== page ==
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Cisalpine Gaul

This war itself I shall treat only summarily, to avoid breaking the thread of my history; but I must go back somewhat in point of time, and refer to the period at which these tribes originally occupied their districts in Italy. For the story I think is worth knowing for its own sake, and must absolutely be kept in mind, if we wish to understand what tribes and districts they were on which Hannibal relied to assist him in his bold design of destroying the Roman dominion. I will first describe the country in which they live, its nature, and its relation to the rest of Italy; for if we clearly understand its peculiarities, geographical and natural, we shall be better able to grasp the salient points in the history of the war.

Italy, taken as a whole, is a triangle, of which the eastern

The Geography of Italy.
side is bounded by the Ionian Sea and the Adriatic Gulf, its southern and western sides by the Sicilian and Tyrrhenian seas; these two sides converge to form the apex of the triangle, which is represented by the southern promontory of Italy called Cocinthus, and which separates the Ionian from the Sicilian Sea.1 The third side, or base of this triangle, is on the north, and is formed by the chain of the Alps stretching right across the country, beginning at Marseilles and the coast of the Sardinian Sea, and with no break in its continuity until within a short distance of the head of the Adriatic. To the south of this range, which I said we must regard as the base of the triangle, are the most northerly plains of Italy, the largest and most fertile of any with which I am acquainted in all Europe. This is the district with which we are at present concerned.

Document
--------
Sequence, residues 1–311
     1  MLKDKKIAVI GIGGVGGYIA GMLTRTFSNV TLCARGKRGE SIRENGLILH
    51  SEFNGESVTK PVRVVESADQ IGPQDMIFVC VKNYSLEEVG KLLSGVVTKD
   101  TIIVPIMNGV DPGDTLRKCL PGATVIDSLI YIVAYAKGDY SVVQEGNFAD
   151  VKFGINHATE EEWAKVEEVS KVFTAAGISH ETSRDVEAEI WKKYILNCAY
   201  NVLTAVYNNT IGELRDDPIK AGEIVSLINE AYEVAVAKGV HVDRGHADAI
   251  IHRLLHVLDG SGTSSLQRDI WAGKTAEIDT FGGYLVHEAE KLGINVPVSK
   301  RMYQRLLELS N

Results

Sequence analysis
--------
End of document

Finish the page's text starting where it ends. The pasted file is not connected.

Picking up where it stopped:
Col di Tenda.
Taken as a whole, it too forms a triangle, the apex of which is the point where the Apennines and Alps converge, above Marseilles, and not far from the coast of the Sardinian Sea. The northern side of this triangle is formed by the Alps, extending for 2200 stades; the southern by the Apennines, extending 3600; and the base is the seaboard of the Adriatic, from the town of Sena to the head of the gulf, a distance of more than 2500 Stades. The total length of the three sides will thus be nearly 10,000 stades.

1 The southernmost point of Italy is Leucopetra (Capo dell'Armi). Cocinthus (Punta di Stilo) is much too far to the north; yet it may have been regarded as the conventional point of separation between the two seas, Sicilian and Ionian, which have no natural line of demarcation.

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hide References (4 total)
  • Cross-references to this page (4):
    • A Dictionary of Greek and Roman Antiquities (1890), EXE´RCITUS
    • Dictionary of Greek and Roman Geography (1854), ALPES
    • Dictionary of Greek and Roman Geography (1854), COCINTHUS
    • Dictionary of Greek and Roman Geography (1854), GA´LLIA CISALPI´NA
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